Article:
On National Aboriginal Day and the summer solstice, June 21, the First Nations Garden will be inaugurating an ephemeral mural, Oh Crow! Quand les chemins du hasard mènent au Jardin des Premières-Nations (Oh Crow! When the Roads of Chance Lead to the First Nations Garden). Two artists, Frédéric Péloquin and Geronimo Inutiq, will create the hybrid work, which embraces both the visual arts and a creation in sound.
Creating with remote-controlled cars
Because there’s a social dimension, the project is inviting the public to take part in the process of creation. At get-togethers in three different places – Place des Festivals in the Quartier des Spectacles, Open Door, and the Jardin botanique de Montréal – citizens will be requested to draw with the help of miniature remote-controlled cars that have pencils fixed to them. These creation sessions will all begin with a reading of the Native peoples tale Oh Crow! Oh Crow! to provide participants with inspiration. Once lines have been created by the movements of the remote-controlled cars, there will be discussions about the result designed to determine the final shape and about the colors to be used to complete the mosaics shaped by the jumble of pencil strokes. The completed mural will consist of nine tableaux, which will be on view at the First Nations Garden. This project is being carried out in partnership with Exeko, a charitable organization based in Montreal since 2006 and whose mission is to promote, through innovation in culture and education, the inclusion and development of the most marginalized people.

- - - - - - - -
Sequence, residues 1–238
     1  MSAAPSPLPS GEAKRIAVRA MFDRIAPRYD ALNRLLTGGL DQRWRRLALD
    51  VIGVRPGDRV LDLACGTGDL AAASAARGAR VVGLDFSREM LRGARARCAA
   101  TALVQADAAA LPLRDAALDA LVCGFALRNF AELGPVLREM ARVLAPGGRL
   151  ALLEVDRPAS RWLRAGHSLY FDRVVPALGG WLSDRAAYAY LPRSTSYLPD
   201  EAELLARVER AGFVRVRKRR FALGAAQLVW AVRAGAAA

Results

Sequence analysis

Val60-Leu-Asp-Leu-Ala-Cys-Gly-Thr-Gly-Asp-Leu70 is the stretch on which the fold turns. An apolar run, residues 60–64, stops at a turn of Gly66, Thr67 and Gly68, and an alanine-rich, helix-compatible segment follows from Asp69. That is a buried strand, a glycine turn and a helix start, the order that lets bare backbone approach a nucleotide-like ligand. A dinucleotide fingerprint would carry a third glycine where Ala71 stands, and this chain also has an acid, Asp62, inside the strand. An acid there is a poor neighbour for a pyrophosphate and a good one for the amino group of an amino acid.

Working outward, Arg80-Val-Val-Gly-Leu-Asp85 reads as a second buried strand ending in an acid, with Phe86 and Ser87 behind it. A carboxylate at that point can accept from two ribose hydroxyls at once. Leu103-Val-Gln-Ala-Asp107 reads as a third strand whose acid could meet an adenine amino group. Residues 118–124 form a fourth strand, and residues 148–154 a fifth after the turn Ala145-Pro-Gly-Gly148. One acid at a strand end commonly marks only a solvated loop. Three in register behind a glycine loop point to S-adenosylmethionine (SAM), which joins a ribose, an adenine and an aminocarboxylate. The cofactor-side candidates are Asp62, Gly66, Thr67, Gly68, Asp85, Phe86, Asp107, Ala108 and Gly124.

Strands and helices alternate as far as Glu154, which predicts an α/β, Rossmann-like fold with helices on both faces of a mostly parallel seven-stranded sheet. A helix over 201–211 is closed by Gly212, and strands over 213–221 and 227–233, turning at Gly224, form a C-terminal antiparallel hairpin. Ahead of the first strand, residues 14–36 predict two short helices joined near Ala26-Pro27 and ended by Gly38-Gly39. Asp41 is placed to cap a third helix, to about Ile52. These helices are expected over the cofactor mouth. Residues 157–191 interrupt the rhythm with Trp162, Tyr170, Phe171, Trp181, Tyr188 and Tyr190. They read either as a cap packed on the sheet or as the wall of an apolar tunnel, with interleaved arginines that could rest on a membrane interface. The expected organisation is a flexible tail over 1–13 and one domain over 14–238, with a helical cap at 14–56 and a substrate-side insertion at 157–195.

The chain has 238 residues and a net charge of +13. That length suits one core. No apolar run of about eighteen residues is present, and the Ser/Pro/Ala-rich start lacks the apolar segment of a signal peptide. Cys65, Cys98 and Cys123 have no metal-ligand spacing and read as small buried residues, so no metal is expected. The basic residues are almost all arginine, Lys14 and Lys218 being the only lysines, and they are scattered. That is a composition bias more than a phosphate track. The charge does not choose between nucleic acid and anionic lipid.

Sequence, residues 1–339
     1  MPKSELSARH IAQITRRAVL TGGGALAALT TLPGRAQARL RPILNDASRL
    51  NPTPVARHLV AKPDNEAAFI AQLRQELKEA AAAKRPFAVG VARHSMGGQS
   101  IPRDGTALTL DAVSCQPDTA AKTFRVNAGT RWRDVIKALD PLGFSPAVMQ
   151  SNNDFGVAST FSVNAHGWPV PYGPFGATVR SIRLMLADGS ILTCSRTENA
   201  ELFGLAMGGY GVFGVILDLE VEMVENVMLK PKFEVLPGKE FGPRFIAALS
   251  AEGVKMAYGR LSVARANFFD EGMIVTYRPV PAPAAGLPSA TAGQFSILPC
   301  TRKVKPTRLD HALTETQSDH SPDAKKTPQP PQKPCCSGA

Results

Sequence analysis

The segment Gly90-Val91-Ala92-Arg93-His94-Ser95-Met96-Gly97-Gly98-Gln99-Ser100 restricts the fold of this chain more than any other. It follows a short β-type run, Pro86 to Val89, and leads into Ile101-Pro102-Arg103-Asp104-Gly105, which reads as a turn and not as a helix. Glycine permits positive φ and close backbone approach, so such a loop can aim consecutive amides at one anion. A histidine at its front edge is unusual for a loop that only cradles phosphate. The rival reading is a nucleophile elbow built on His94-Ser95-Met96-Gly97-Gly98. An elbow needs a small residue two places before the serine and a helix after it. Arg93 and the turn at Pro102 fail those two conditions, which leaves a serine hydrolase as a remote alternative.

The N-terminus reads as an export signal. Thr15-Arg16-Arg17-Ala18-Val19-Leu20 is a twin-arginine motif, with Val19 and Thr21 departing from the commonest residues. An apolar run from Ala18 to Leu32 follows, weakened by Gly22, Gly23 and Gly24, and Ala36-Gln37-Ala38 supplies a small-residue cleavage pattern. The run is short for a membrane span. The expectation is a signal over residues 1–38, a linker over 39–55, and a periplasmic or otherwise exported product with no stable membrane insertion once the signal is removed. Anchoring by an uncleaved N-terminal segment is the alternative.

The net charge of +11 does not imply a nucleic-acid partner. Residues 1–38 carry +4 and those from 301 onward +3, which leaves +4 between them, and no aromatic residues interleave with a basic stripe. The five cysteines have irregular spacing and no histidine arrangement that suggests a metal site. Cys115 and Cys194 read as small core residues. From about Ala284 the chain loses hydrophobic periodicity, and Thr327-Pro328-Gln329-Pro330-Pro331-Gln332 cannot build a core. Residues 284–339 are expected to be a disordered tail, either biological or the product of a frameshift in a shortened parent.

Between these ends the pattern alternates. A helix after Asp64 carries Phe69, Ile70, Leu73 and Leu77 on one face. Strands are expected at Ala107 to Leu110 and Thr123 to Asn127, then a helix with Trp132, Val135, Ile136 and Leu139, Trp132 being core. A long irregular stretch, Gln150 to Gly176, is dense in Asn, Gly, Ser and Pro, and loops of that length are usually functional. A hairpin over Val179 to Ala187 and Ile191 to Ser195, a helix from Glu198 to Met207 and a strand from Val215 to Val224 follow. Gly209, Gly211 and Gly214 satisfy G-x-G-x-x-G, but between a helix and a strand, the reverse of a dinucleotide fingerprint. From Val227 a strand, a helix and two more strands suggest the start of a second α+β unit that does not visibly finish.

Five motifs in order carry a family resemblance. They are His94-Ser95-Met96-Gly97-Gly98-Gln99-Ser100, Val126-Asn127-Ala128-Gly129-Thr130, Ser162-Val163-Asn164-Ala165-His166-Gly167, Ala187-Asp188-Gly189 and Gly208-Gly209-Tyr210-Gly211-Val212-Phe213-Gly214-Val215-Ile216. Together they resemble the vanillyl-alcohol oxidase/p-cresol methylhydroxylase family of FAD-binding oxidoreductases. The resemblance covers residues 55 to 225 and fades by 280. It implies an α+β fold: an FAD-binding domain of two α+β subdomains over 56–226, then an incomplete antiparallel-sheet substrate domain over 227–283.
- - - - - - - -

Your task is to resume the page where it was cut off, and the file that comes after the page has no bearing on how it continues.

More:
A day to celebrate Mother Earth
National Aboriginal Day is very important for all the First Nations, who take advantage of the date to call attention to the renewal of the seasons and the power of the sun, rich in energy and true source of life. For thousands of years, highly elaborate rituals and ceremonies have been observed to thank Mother Earth and her generous yields, and to pay tribute to the ancestors. Right across the country, indigenous people celebrate this moment of the year when the day is longest. There’s singing, dancing, offerings, a good meal is shared, and everyone’s invited.
Celebrating the solstice
At the First Nations Garden this year, we’re celebrating the day with exceptional guests. In the morning there will be a Water Ceremony with Francine Payer of the Anishinabe nation, and then a Flower Ceremony with Lesvia Vela, a Maya from Guatemala. Both of them will invite us to gather in the Healing Circle around the sacred fire and express our gratitude at the arrival of summer.
Why not share in these moments of calm and reflection by visiting the First Nations Garden on June 21?